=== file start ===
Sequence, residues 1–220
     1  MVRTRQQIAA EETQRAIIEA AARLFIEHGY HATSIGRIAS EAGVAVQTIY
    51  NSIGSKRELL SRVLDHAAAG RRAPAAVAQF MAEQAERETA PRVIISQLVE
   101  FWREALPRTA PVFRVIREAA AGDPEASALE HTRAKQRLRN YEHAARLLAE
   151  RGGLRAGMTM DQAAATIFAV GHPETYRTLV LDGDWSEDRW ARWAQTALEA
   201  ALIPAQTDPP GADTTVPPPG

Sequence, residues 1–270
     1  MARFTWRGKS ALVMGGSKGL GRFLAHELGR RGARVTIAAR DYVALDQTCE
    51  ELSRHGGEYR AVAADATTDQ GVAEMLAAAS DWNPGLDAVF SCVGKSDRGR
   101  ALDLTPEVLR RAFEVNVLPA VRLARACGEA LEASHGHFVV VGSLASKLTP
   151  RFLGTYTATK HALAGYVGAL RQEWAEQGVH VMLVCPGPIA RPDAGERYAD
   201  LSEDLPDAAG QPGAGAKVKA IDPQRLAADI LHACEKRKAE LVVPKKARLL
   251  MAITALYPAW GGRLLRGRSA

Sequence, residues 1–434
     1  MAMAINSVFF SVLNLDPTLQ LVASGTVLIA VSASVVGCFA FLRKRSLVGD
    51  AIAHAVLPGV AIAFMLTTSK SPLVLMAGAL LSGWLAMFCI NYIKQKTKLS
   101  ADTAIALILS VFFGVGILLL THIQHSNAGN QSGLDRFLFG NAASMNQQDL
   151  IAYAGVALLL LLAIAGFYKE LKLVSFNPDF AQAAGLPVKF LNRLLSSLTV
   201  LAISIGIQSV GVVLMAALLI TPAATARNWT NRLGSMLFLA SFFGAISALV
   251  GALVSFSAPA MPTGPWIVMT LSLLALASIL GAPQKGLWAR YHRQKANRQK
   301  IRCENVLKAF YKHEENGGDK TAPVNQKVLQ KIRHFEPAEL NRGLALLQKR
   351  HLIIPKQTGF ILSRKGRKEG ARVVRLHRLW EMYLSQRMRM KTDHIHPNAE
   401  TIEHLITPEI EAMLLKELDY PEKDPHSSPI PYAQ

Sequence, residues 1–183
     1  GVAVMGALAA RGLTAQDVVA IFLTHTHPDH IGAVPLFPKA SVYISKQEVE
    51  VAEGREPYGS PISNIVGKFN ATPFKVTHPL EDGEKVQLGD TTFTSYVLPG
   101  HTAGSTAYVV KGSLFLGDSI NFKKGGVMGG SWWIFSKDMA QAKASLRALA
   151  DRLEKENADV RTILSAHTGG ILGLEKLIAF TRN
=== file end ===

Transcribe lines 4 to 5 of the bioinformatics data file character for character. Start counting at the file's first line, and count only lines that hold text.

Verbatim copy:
   101  FWREALPRTA PVFRVIREAA AGDPEASALE HTRAKQRLRN YEHAARLLAE
   151  RGGLRAGMTM DQAAATIFAV GHPETYRTLV LDGDWSEDRW ARWAQTALEA